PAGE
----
Some of that growth has resulted from a phenomenon called Baumol’s disease, after the economist William J. Baumol, who described it in a 1965 article he wrote with William G. Bowen. The basic idea is that while productivity gains have made it possible to assemble cars with only a tiny fraction of the labor that was once required, it still takes four musicians nine minutes to perform Beethoven’s String Quartet No. 4 in C minor, just as it did in the 19th century.
One can plow through the first movement in about 9 minutes, but the whole quartet will take an ensemble closer to 24 minutes even if rushing a bit.
Also, as is often the case with Thaler, the empirical data does not agree with his suppositions very well. In fact, there has been a dramatic increase in many degree programs in the time to degree. The increases have not been even, for education the length of time is now 6 yars longer, an increase of 1/3. This trend peaked some two decades ago, but the ebb has been far less than the rapid increase in the 1970's.
What is interesting is that time to degree was lower when there was institutional support, indicating that when the institution was paying, it wanted people done. Conversely, for all students, in constant dollars, the average indebtedness has tripled, at a time when salaries have not gone up that much in the corresponding fields, so Thaler's explanation that a fixed time activity has to go up in unit cost because it is competing with technologically affected wages, is not born out by data. Any one who knows his work would not be surprised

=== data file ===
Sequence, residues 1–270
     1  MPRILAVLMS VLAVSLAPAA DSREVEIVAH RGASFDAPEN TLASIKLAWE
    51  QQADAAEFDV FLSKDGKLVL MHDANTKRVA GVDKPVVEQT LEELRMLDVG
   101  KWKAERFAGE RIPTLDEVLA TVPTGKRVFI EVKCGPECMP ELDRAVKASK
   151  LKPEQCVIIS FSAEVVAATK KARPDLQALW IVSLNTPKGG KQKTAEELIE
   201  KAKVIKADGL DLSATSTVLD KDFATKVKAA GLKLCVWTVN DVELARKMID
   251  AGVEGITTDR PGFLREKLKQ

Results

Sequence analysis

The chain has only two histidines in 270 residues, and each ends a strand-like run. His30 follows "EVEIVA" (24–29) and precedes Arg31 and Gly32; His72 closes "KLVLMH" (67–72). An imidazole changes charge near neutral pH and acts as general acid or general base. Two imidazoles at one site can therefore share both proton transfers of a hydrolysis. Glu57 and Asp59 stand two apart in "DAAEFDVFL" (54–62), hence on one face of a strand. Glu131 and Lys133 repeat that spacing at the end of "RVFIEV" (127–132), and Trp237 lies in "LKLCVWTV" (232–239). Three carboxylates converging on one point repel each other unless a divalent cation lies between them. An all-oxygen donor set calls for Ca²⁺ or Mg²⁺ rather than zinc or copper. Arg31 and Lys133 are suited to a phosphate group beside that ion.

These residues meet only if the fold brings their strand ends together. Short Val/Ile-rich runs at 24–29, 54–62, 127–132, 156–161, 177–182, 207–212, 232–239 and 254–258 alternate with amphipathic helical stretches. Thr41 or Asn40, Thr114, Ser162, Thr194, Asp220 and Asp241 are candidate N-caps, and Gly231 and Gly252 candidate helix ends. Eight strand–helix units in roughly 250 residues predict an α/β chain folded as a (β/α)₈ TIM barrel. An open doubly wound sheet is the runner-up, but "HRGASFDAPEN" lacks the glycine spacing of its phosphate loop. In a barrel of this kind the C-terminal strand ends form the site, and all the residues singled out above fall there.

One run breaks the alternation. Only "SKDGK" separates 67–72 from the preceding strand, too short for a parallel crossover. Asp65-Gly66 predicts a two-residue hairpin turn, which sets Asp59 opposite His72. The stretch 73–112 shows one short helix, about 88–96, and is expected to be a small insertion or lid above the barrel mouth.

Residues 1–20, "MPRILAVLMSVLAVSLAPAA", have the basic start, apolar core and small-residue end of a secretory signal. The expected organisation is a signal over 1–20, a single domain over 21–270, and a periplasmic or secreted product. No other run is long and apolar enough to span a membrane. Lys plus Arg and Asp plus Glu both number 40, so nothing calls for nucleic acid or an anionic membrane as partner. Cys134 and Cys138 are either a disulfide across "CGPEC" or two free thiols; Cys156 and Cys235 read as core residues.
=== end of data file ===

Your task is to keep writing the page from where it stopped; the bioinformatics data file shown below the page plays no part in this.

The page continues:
However, these numbers are what one would expect if college were a rent, and the cost were some percentage of the difference between having, and not having a degree, because the difference would go up, even if wages for college graduates were rising slowly or stagnant, because what matters is the difference in risk adjusted wages, which includes, of course, unemployment risk.
The colloquial term is "a racket."